Site not look beautiful? Click here

Film

Chilean drama ‘Gloria’ is an intriguing character study

Image
Paulina Garcia as the titular character of Gloria.

Three stars

Gloria Paulina Garcia, Sergio Hernandez, Diego Fontecilla. Directed by Sebastian Lelio. Rated R. Opens Friday.

Chile’s submission for this year’s Best Foreign Language Film Oscar (although it didn’t end up with a nomination), Gloria is a sometimes fascinating, sometimes obtuse character study about a middle-aged woman struggling to find satisfaction in her personal life. Long divorced, mostly neglected by her adult children, working in a generic office job, Gloria (Paulina Garcia) may seem to have an empty, lonely life, but she also clearly has resilience and optimism, getting dressed up and going out dancing with other singles of a certain age, and eventually starting a relationship with fellow divorcé Rodolfo (Sergio Hernandez).

That relationship begins as exciting and invigorating for both Gloria and Rodolfo, but the baggage that comes with years of living (exes, children, various obligations) eventually takes its toll, and neither of them exactly handles it well. Director and co-writer Sebastian Lelio plays things so coy at times that it’s hard to understand the characters’ motivations, and while Garcia’s performance makes Gloria likeable and engaging, she’s still largely an enigma. The movie sometimes plays like a portrait of crushing loneliness, but it’s equally possible to see it as an ode to positivity, to moving forward despite overwhelming negative odds.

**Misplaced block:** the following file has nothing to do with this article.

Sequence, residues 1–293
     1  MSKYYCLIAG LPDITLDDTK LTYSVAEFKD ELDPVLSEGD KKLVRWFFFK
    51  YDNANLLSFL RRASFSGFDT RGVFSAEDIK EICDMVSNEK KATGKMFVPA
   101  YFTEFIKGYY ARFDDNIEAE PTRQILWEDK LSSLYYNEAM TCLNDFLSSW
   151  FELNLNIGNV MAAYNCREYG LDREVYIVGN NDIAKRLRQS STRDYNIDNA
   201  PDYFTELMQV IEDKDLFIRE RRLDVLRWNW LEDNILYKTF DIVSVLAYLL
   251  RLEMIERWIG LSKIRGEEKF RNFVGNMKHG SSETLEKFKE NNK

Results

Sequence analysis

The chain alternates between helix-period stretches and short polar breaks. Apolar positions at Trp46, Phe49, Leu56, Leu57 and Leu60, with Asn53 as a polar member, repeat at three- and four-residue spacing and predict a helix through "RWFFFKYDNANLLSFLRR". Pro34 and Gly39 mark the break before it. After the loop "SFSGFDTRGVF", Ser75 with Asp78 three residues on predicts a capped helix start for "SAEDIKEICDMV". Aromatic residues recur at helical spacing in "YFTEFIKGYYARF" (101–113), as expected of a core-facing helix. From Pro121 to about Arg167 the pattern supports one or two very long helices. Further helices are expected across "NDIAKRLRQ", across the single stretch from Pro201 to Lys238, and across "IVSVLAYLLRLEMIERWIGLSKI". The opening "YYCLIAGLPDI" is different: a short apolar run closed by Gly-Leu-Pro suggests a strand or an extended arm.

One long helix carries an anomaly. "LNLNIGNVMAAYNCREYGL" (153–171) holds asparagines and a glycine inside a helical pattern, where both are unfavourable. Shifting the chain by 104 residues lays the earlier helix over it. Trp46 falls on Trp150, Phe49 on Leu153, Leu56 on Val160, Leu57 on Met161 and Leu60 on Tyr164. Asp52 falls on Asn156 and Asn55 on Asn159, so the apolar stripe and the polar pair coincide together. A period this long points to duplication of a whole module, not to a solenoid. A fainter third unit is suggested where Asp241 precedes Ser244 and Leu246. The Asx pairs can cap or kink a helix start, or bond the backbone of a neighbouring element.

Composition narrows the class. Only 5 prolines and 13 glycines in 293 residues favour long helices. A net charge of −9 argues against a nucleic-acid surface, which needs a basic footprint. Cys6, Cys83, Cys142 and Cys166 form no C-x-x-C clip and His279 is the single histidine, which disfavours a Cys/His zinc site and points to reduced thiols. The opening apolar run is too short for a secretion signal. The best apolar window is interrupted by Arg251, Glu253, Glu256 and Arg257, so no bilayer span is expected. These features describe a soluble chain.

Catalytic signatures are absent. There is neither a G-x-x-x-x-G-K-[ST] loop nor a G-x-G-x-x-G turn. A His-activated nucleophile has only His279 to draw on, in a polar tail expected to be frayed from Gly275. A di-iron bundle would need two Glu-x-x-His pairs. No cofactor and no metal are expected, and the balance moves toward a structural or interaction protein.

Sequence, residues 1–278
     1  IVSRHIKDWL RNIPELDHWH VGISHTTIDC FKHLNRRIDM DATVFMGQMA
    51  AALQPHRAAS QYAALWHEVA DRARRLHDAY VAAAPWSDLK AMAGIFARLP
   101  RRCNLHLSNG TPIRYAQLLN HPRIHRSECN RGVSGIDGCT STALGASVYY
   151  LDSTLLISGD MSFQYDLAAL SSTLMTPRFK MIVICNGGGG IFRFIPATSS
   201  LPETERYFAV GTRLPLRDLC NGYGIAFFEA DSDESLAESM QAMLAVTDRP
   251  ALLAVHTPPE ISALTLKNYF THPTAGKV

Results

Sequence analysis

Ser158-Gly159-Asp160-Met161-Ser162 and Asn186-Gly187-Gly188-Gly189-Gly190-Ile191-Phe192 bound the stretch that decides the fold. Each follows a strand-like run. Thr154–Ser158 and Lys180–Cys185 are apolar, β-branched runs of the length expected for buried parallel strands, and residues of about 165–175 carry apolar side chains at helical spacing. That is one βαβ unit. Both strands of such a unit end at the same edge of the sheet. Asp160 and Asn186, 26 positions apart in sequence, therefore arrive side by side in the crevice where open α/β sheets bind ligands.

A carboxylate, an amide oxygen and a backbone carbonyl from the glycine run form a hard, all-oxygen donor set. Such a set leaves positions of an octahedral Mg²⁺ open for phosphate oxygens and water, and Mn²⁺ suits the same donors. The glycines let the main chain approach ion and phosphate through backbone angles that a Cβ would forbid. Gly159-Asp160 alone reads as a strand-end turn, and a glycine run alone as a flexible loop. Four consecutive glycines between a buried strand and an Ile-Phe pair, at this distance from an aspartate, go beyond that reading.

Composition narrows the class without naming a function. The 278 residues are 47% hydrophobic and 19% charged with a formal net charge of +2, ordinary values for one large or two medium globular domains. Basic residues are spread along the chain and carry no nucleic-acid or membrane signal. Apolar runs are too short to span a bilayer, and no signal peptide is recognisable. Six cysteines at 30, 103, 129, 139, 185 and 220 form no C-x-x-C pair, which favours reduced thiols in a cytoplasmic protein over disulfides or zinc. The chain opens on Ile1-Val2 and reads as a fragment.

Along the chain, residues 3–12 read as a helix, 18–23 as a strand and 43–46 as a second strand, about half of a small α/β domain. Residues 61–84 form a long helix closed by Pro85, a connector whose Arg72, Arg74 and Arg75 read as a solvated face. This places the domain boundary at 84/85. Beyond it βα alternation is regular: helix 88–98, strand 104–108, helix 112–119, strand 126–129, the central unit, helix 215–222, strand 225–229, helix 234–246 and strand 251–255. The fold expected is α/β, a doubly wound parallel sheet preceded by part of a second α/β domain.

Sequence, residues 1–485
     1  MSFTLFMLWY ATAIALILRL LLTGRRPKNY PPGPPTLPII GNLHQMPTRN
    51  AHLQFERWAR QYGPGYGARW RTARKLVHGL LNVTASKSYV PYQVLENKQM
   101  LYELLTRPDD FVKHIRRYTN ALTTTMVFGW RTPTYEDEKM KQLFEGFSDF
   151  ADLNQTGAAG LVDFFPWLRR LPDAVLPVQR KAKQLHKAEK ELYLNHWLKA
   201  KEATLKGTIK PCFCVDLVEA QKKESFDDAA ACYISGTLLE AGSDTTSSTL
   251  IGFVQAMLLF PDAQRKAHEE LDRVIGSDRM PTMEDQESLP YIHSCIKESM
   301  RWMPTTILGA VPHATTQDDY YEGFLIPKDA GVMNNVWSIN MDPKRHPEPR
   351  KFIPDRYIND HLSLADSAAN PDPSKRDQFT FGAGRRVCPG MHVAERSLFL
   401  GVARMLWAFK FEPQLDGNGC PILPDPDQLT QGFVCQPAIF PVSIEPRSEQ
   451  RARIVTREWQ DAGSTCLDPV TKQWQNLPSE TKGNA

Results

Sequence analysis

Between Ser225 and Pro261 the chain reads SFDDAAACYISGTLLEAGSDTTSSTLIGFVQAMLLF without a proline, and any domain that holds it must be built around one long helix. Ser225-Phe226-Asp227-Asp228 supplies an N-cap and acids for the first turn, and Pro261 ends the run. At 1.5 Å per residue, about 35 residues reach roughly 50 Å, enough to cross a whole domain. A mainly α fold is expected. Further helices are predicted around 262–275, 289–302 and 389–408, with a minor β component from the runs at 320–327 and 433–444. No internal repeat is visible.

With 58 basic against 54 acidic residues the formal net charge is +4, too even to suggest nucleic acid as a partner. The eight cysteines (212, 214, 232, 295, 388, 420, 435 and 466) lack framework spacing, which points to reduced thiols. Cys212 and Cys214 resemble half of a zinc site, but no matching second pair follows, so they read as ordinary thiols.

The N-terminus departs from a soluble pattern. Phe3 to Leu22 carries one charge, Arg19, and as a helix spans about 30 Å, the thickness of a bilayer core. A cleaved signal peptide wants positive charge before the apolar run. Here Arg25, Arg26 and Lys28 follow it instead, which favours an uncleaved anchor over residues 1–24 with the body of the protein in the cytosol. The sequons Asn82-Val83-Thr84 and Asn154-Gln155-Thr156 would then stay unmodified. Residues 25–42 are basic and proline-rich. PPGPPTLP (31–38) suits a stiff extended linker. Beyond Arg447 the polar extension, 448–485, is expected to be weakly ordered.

Either way, Lelio provides plenty of touching moments, and he depicts sex among older people with an admirable frankness, neither turning away from nor sensationalizing Gloria and Rodolfo’s bedroom activities. Whether she’s a lonely misfit desperate for any kind of companionship, or a vibrant and independent woman who takes relationships on her own terms, Gloria is a complex person, and Lelio never treats her with anything other than respect. Understanding her, however, proves to be a little more difficult.

Share

Commenting Policy

  • This biopic is less about Stephen than it is about Jane Wilde Hawking, who’s portrayed as indomitable and long-suffering.

  • Jennifer Aniston, Jamie Foxx and Kevin Spacey reprise their roles from the first movie in the most contrived ways possible.

  • Subjecting the feline to starring in a bargain-basement Lifetime Christmas movie seems like a form of animal cruelty.

  • Get More Film Stories
Top of Story